Last weekend, I had the opportunity to serve as the Scholar in Residence at Aldersgate United Methodist Church in Alexandria, Virginia. You can listen to my sermon (on the Didache and what it has to teach the church today) at the bottom of this page.
My main public lecture was titled, “Why the United Methodist Church Is the Most Screwed Up Denomination,” a title that was chosen by the pastors! It was an interesting time. As seminarian and youth pastor Teer Hardy reports, he was surprised that so few of the parishioners at Aldersgate knew what happened at the UMC General Conference in May:
For me, a seminary student and candidate for ordination, this relationship between the congregation and denomination was an eye-opening moment in the conversation. No wonder local congregations are not worried about paying their apportionments the same in which clergy are. For clergy it can be a “career move” and for the local congregation there is no penalty. Even appointments are based upon the overall success (or lack of) a pastor as they lead their congregation. If congregations are not as “attached” to the denomination as their clergy are required to be does the congregation really understand what is required of UMC clergy (elders)?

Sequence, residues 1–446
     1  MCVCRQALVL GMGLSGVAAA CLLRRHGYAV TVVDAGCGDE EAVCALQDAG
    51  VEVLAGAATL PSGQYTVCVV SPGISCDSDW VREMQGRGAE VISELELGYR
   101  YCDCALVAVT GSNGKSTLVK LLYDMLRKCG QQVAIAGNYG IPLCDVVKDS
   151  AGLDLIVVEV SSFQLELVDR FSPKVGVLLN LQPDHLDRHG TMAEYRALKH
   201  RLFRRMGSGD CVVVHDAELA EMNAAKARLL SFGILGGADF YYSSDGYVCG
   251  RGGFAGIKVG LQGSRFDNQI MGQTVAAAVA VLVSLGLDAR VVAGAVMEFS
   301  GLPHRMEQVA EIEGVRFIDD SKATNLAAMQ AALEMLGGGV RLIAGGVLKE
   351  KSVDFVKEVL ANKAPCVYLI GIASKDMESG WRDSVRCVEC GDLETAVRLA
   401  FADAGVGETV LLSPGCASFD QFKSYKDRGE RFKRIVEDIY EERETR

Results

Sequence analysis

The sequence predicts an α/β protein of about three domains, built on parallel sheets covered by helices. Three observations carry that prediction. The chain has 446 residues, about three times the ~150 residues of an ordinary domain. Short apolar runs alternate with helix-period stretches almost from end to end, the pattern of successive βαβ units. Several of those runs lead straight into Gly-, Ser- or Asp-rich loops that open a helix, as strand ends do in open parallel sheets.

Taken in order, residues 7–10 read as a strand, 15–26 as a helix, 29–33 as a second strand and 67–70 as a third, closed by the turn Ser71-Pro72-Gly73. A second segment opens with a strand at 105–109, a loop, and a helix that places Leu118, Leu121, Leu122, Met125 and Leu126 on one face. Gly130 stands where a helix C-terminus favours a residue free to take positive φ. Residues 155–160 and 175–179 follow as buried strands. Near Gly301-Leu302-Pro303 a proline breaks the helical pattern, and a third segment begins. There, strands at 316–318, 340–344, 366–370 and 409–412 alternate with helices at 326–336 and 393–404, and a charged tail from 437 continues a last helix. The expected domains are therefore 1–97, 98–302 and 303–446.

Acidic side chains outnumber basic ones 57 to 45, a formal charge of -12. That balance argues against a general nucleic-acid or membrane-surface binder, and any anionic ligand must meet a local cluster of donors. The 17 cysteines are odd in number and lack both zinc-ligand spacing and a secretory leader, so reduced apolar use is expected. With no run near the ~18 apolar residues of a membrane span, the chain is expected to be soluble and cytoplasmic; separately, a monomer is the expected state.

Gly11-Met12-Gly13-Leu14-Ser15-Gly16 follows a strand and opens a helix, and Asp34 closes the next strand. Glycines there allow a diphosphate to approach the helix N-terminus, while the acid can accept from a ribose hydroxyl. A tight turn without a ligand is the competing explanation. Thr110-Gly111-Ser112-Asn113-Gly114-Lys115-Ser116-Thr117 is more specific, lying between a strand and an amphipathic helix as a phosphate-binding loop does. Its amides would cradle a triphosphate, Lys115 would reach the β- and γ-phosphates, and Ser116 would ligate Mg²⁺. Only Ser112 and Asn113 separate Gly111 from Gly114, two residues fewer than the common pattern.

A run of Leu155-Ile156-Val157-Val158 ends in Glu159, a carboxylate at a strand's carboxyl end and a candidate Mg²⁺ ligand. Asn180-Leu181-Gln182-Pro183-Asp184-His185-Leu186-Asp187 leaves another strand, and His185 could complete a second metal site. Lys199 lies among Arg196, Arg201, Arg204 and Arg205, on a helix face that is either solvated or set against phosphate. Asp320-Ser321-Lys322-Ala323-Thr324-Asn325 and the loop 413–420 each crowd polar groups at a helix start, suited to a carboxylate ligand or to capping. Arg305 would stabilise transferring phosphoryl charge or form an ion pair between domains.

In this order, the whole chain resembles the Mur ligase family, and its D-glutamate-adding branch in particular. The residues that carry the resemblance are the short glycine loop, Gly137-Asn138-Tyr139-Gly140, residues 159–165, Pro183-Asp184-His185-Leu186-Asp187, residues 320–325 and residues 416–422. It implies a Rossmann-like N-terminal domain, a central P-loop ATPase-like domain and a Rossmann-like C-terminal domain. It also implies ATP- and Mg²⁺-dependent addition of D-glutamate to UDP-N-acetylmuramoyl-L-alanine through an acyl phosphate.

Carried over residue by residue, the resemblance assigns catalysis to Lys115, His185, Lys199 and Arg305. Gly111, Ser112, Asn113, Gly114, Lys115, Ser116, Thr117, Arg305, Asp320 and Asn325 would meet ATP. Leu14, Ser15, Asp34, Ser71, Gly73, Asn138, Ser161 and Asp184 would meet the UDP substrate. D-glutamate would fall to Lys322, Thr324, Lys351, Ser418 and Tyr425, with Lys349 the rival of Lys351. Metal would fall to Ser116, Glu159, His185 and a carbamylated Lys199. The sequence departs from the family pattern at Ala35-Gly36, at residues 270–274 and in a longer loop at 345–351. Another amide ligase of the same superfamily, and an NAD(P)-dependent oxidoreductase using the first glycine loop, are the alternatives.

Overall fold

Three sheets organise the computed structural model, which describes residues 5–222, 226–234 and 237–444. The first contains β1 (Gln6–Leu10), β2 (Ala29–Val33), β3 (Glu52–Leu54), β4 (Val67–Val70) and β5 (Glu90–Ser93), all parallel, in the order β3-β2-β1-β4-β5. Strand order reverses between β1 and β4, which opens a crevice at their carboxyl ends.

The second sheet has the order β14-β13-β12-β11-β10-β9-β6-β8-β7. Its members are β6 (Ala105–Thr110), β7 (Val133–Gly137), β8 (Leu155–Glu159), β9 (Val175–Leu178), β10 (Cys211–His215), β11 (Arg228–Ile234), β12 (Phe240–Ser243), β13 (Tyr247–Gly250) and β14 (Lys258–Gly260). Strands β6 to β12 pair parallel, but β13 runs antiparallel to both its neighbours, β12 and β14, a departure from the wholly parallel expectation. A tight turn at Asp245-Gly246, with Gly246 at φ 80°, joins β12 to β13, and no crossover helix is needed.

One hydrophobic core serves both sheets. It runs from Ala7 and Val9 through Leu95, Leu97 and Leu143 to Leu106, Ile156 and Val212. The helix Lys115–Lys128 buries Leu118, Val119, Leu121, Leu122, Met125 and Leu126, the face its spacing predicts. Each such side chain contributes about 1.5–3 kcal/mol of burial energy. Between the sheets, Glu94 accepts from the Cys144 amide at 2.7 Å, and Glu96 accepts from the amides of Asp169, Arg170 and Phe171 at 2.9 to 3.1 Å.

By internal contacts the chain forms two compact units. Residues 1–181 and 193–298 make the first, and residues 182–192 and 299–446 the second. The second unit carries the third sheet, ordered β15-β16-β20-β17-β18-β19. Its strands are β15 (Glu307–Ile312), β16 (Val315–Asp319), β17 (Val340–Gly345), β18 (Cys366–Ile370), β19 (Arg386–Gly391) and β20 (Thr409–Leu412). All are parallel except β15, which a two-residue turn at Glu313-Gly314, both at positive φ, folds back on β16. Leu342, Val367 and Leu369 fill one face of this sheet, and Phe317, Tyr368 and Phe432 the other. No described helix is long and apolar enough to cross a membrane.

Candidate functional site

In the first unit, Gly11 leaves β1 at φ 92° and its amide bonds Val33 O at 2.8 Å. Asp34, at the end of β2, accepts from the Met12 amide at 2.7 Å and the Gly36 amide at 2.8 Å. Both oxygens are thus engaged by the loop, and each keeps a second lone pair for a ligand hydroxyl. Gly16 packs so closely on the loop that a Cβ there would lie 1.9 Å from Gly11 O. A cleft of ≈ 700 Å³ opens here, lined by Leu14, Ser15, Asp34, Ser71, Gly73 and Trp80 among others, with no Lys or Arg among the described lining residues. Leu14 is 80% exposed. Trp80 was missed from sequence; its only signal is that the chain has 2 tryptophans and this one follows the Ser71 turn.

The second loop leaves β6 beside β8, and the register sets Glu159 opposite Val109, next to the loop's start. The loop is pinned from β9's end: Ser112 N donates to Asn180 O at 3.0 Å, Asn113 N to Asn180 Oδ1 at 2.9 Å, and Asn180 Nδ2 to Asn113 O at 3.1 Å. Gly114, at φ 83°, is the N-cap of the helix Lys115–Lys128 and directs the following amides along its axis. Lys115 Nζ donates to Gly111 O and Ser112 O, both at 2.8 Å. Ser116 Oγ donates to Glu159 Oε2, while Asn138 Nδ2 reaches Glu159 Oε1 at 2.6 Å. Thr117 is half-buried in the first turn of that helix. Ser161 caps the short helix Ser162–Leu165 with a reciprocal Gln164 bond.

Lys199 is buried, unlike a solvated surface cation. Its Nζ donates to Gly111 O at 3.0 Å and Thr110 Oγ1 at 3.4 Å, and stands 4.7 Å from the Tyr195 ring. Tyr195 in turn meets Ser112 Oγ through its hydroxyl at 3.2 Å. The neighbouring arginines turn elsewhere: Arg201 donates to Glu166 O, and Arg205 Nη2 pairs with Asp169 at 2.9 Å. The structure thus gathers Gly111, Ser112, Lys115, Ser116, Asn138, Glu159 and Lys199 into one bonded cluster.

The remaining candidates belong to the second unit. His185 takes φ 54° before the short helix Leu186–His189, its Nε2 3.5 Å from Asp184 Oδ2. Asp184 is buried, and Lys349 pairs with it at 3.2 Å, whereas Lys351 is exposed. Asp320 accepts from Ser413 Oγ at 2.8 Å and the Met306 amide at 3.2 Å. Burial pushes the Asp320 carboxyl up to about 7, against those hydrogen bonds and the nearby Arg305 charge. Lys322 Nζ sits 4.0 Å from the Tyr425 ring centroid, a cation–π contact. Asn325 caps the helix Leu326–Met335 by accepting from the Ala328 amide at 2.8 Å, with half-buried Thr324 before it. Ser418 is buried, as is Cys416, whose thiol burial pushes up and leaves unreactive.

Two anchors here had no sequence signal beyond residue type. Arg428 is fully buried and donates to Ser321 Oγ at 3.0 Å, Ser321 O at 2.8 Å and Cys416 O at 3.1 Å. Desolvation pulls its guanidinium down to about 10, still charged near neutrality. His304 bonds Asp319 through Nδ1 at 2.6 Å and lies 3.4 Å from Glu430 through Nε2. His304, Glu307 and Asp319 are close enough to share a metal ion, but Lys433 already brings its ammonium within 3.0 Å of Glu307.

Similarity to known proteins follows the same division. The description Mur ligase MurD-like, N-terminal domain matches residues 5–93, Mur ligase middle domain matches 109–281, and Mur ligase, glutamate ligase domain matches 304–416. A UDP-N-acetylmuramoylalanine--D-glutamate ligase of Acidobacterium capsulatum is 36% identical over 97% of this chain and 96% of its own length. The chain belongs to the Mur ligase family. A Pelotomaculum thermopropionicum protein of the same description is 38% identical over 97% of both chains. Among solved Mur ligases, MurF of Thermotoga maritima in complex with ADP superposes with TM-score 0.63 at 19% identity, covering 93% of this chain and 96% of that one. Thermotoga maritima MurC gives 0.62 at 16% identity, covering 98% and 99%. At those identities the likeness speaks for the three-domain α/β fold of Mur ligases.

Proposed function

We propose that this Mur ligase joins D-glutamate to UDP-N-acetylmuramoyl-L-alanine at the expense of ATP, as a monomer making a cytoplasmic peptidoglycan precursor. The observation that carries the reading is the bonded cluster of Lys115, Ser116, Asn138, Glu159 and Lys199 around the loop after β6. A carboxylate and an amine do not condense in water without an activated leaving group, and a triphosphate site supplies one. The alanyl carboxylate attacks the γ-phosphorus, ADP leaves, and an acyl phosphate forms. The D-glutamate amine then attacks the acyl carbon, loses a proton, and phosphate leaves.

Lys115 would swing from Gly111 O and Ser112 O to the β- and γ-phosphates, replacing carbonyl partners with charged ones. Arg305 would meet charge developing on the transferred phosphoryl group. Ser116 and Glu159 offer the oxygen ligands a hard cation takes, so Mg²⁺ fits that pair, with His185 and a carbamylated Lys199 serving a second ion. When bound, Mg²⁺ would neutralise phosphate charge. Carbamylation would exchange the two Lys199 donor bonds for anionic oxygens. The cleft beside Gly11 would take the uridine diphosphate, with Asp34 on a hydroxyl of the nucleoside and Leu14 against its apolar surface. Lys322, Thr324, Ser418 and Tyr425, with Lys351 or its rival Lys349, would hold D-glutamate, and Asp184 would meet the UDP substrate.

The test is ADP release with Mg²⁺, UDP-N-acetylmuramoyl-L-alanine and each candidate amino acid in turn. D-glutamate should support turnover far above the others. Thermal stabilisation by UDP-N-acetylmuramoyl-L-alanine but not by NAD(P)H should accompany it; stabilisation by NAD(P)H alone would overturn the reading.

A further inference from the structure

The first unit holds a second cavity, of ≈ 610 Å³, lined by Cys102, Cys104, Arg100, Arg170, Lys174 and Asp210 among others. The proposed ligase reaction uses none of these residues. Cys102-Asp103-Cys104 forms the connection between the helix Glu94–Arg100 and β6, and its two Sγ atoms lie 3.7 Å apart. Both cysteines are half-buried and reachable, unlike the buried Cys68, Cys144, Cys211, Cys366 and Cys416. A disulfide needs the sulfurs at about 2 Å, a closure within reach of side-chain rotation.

Now, today comes a report from Gallup that Americans’ trust in “organized religion” is at an all-time low:
Many people are asking me what the future holds, and I’m hesitant to speculate. On the one hand, you’ve got David Lose suggesting one mega-denomination, but that seems about as likely as Esperanto finally catching on.
I’m currently reading Diana Butler Bass‘s compelling new book, Christianity After Religion. She suggests that the U.S. is at the front-end of the Fourth Great Awakening. In the past, I’ve accused DBB of putting lipstick on a pig in her writing about denominational Christianity. This book is far more realistic — even dour — but she hasn’t yet convinced me that a new Awakening is in the offing. I’ll report back when I finish the book.
My guess is that Christian communities are going to get smaller and more diffuse. More house churches, more small start-ups. Less property, less bureaucracy.
Yes, I’m agreeing with George Barna. So sue me.